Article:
US Agency Launches Tool for Fish Vulnerability to Climate Change
By Obiabin Onukwugha
A United States Fisheries Agency, the National Oceanic and Atmospheric Administration (NOAA), says it has launched a new interactive tool that allows users to access the agency’s data and see how fish and their habitats are vulnerable to climate change.
NOAA, is a Washington-based scientific and regulatory agency within the United States Department of Commerce, charged with forecasting weather, monitoring oceanic and atmospheric conditions, charting the seas, conducting deep sea exploration, and managing fishing and protection of marine mammals and endangered species in the U.S.
The tool, according to the agency, currently draws on data from several completed assessments, and will be updated regularly as other assessments are completed.
The agency in a report in its website said, it completed its first assessment using the current methodology in 2016. It said completed Assessments included; Northeast Fish Stock Climate Vulnerability Assessment; Pacific Salmon Vulnerability Assessment; Bering Sea Fish Stock Climate Vulnerability Assessment; West Coast Fish Stock Climate Vulnerability Assessment; Pacific Islands Marine Life Climate Vulnerability Assessment.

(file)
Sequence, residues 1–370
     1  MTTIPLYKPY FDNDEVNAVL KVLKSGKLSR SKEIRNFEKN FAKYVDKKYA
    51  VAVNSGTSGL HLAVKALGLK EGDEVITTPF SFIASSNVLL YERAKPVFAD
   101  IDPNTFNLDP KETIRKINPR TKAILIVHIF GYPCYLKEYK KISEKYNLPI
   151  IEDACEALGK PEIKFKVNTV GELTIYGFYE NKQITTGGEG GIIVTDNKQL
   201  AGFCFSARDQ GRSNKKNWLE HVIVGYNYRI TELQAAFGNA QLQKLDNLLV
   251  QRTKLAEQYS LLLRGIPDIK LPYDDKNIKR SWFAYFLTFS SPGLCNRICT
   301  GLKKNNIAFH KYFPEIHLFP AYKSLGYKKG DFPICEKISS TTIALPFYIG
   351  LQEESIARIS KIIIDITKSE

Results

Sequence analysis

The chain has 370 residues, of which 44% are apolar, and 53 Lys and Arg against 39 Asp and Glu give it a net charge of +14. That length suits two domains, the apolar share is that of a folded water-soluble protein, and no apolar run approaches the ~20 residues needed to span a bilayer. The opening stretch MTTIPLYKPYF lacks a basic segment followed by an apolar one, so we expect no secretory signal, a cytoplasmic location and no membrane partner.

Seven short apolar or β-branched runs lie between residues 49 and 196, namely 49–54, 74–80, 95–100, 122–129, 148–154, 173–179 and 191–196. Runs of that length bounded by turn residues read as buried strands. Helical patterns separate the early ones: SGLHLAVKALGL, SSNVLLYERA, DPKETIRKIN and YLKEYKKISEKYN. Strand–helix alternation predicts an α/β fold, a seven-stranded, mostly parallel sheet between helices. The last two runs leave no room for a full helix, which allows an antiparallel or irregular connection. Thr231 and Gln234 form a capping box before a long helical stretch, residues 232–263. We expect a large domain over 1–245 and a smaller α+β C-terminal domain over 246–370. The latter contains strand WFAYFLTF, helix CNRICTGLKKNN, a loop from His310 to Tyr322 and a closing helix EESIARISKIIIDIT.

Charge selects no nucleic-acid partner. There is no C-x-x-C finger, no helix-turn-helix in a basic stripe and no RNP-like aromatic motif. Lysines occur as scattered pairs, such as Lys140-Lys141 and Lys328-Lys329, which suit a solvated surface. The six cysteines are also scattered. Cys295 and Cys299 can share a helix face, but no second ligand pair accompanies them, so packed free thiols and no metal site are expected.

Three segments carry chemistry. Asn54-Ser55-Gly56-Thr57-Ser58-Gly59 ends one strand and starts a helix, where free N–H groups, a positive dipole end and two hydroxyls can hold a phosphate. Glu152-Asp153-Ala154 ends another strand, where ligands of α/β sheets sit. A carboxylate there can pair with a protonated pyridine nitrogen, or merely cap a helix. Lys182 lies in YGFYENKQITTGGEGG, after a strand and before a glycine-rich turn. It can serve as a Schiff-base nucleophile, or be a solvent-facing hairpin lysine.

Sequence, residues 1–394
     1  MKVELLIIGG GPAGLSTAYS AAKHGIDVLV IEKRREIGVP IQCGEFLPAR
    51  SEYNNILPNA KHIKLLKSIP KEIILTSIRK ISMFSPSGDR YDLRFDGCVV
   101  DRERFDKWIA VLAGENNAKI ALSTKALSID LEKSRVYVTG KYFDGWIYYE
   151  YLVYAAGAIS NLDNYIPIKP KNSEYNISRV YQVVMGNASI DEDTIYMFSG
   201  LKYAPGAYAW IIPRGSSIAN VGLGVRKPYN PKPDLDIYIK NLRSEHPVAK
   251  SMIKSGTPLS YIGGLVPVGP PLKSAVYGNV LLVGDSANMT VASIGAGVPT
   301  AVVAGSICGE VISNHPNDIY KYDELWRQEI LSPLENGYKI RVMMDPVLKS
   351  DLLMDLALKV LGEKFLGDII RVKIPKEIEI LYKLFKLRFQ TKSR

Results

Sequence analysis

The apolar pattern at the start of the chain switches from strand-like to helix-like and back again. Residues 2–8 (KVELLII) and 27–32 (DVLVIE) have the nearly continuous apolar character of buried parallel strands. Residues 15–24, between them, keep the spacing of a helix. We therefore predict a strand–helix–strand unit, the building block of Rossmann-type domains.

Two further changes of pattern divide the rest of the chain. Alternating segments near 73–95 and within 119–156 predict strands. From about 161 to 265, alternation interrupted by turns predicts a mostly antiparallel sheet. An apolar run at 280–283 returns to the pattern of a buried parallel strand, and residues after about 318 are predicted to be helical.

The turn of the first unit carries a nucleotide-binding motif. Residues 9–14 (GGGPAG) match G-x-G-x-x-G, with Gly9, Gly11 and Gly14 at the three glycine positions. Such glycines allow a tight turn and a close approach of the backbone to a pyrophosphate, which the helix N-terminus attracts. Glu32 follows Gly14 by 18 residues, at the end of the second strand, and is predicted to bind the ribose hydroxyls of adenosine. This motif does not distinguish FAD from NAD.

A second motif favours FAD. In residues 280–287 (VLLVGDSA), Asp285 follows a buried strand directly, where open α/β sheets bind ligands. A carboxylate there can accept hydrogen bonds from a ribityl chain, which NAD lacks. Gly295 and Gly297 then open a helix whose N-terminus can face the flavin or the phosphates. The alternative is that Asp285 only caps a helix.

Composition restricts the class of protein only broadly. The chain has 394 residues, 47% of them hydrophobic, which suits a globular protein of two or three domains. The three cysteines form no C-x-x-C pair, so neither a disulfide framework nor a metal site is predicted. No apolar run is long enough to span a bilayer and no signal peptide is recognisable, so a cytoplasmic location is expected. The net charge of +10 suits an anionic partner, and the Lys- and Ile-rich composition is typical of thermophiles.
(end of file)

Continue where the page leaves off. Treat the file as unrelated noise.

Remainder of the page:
According to the Agency, the West Coast Fish Stock assessment, which is the most recently completed work, found that all but the most resilient species are vulnerable to climate change.
NOAA further reported that with data on roughly 400 marine species and habitats, the Climate Vulnerability Assessment Tool can create reports by drawing on the agency’s assessments of fish stocks, protected species, habitats, and fishing communities.
“Climate vulnerability assessments provide decision makers with information on which species, habitats, and communities may be most susceptible to climate change,” NOAA Fisheries said.
“They also show where action may be needed to help reduce impacts and increase resilience to changing ocean conditions.
“We are looking forward, and we see that changes in these species may be the rule rather than the exception.
“The goal is to anticipate the changes and make more climate-informed management decisions, and this assessment should help,” lead author Michelle McClure said about the results.
According to the report, there are currently assessments underway for sea turtles, Gulf of Mexico fish stocks, South Atlantic fish stocks, and highly migratory species in the Atlantic.
NOAA Fisheries develops assessments based on the subject’s level of exposure to environmental changes and its sensitivity to those changes.